The Coopers started the season with an old bird racing team of 56 cocks and 18 hens with both sexes flown on widowhood. Their team of widowhood cocks were paired at the end of January with each pair rearing a single youngster. The hens were removed from the cocks at 17 days and the cocks finished rearing the young bird; thus cementing the bond each cock bird has with its box and home environment. Once the young birds had been removed, the cocks started the widowhood regime. The team were home-exercised for one hour in the morning and evening and when Geoff and Catherine noticed the fitness and vigour developing during these exercise periods, they received three training flights from up to 32 kilometres. During these pre-season flights, the Coopers placed great importance on the cock returning to his hen. This further develops the eagerness to return home for their team of widowhood racers.
The racers are fed 40 grams per day in two feeds; each after exercise. They are fed Verse Laga Super Star Plus with added oil rich seeds in the last seven feeds before basketing. A small amount of barley is added to the mix as a measuring tool as when the pigeons start to leave the barley then Geoff and Catherine know that the birds have had their fill. The 40 gram measure is sometimes added to as the long distance races approach as they want to ensure the birds have plenty of nutritional reserves when on their arduous cross-channel flights home. Trikanox by Gem is the only addition to the drinking water; it being used once a month to keep any canker levels at a minimum. Geoff and Catherine do make use of a veterinary check-up at several times during the season to ensure their team is healthy.
Like many of their like-minded national and international-flyer friends, the Coopers view inland racing as merely education and training opportunities for their team whose ultimate goal is the international races in June, July and August. The first races of the season were inland events of between 70 and 80 kilometres. Even though the ‘Cooper’ family are known for their success in the national and international events, they are always up with the leaders in these sprint events. Readers will be interested to learn that Geoff and Catherine win as many prizes (if not more) from sprint racing as they do from the long distance races!
Geoff and Catherine Cooper
National racing results in 2014
The Coopers first national race of the year was from Falaise with the British International Championship Club. A strong team of 37 birds was entered with the total convoy numbering 3278 birds. The Coopers put in a very strong performance with their first pigeon being 2nd Open, just behind the top Welsh loft of Gareth Teharne and Son. Their overall result was:
Falaice 194 miles (3278 birds) section: 2, 8, 9, 25, 26, 31, 39, 40, 42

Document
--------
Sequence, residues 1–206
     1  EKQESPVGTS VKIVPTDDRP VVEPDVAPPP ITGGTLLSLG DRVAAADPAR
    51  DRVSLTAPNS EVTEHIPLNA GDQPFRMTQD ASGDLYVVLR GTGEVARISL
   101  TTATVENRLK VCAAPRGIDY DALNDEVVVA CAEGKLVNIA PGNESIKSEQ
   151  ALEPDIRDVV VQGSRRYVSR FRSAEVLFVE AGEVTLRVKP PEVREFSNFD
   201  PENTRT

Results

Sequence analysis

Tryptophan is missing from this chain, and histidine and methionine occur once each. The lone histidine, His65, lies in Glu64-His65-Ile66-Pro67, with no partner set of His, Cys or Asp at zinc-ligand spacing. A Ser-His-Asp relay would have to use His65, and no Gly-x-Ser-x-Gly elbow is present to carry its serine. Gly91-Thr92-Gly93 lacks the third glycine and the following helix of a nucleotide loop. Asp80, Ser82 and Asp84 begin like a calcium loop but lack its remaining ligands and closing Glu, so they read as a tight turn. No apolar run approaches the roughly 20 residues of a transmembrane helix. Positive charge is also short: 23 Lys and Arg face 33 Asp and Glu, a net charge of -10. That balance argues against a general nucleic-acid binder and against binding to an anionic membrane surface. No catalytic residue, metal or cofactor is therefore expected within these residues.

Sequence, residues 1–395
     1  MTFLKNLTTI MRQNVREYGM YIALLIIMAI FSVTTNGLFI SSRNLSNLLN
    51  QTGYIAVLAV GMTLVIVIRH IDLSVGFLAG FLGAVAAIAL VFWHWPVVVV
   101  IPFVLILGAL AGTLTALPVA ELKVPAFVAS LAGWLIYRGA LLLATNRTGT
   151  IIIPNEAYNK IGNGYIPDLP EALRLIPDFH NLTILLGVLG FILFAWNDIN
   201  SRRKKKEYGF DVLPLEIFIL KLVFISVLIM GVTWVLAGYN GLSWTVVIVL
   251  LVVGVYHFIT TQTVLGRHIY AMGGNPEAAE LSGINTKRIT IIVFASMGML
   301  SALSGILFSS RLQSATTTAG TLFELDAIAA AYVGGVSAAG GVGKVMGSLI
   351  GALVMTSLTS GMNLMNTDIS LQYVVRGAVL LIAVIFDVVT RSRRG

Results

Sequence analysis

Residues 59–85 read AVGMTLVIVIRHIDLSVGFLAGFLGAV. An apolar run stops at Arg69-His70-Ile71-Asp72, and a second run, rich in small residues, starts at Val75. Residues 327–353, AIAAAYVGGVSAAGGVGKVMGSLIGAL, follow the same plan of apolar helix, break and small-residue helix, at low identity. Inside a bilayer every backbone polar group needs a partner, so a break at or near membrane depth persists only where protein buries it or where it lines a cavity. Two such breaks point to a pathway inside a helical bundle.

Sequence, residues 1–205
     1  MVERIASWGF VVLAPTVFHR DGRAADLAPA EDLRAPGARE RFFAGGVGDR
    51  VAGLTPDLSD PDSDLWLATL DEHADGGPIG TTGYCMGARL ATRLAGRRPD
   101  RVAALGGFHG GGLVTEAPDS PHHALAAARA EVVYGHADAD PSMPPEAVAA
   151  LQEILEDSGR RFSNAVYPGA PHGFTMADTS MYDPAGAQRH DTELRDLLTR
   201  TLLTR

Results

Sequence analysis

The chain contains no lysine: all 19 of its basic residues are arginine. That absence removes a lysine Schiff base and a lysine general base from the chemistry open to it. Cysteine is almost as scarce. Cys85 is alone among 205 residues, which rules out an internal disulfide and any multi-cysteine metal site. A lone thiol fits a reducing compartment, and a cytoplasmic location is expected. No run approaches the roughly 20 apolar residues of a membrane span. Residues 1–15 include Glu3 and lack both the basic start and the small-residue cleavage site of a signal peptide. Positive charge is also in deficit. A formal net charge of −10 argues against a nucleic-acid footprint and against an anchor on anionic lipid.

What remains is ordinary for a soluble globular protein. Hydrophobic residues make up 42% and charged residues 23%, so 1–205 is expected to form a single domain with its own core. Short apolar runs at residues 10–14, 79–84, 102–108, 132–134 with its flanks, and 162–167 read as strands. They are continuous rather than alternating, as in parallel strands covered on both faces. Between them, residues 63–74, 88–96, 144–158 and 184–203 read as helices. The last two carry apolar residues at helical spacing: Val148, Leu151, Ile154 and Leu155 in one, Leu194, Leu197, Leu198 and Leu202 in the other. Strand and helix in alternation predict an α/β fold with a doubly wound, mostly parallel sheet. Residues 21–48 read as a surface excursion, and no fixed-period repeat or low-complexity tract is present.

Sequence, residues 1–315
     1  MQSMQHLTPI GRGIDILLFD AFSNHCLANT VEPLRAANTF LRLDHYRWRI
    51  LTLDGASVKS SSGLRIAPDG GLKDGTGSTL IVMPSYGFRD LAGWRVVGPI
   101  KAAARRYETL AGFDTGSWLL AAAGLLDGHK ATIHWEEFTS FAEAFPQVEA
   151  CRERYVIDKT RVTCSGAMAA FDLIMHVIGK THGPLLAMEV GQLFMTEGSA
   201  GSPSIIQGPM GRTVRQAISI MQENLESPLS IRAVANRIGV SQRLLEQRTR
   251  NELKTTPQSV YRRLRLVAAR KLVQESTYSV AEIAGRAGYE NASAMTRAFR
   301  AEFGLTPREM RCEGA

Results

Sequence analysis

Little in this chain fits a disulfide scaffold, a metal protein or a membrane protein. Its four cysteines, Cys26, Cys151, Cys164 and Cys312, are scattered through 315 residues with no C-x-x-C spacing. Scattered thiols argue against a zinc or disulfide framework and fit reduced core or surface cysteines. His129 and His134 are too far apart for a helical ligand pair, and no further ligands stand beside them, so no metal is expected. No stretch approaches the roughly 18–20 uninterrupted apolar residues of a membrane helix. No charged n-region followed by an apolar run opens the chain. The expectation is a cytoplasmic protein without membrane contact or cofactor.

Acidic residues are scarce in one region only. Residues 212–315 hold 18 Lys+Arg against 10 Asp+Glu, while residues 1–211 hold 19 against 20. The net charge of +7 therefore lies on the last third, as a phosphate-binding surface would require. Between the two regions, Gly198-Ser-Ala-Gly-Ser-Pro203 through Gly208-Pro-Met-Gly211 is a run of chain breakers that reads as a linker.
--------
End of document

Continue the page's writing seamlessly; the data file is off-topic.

national: 2, 8, 9, 25, 26, 31, 39, 40, 42
On the 17th May, the partners competed in twocross-channel races. In the British Barcelona Club race from Messac and the British International Championship Club race from Alencon, the Coopers’ team recorded the following results:
Messac 242 miles (2261 birds) section: 2, 9, 40, 44, 68, 95 national: 4, 24, 144, 167, 244, 339 Alencon 228 miles (6823 birds) section: 19, 23, 118, 123, 124, 125, 135 national: 33, 44, 240, 263, 265, 266, 299
Geoff and Catherine have therefore already achieved 1st National, 2nd National and 4th National in three different national races. In the breeding of their winning birds we can again find the illustrious name of Farm Boy (3rd National, 12th International Dax, 7th National, 3rd Euro Diamond Dax, 7th ace pigeon Euro Diamond and sire of Farmer George 1st International Bordeaux) in addition to the bloodlines of another of the UK’s ace international flyers, Mark Gilbert.
The race from Tours
On the weekend of the 31st May, 442 members entered 3,646 pigeons in the BICC Tours race. With a brisk headwind blowing across the channel and velocities down to 1100 ypm, the conditions proved ideal for the Cooper team. They timed a two year old dark chequer cock to win 1st National. The winner was a two year old widowhood cock now named Farm Star. As a yearling he won 2nd club, 24th Combine Saintes (394 miles). His sire is a son of Euro Star who bred 5th National Carentan and 1st ace pigeon Europe Wuhan Golden Sands Derby. The dam is a hen called Margie who as a yearling flew the national programme through to Tarbes 570 miles. She is down from Farm Boy and Mtotto, two of the most prolific breeders in the Cooper loft. You can check out the full pedigree of Farm Star here. Geoff and Catherine’s second bird from Tours (probable 5th National) is a two year old chequer cock. His sire is a half-brother to Wollongong and a grandson of Mttoto. The dam is a daughter of Euro Star and Titch 21 and is a half-sister to Fleur (1st Section Fougeres). Therefore both the 1st and 5th National winners are grandsons of Euro Star.
Head of Farm Star
Future plans for 2014
Followers of the pigeons and results of Geoff and Catherine Cooper will know that their aim at the beginning of every season is success on the international stage. With a domestic national race already won, their ambition is to try and win another international race. The Coopers’ motto in pigeon racing has always been to ‘aim for the top’. Armed with their exceptional team of birds, who would bet against them achieving their ambition in the international races of 2014?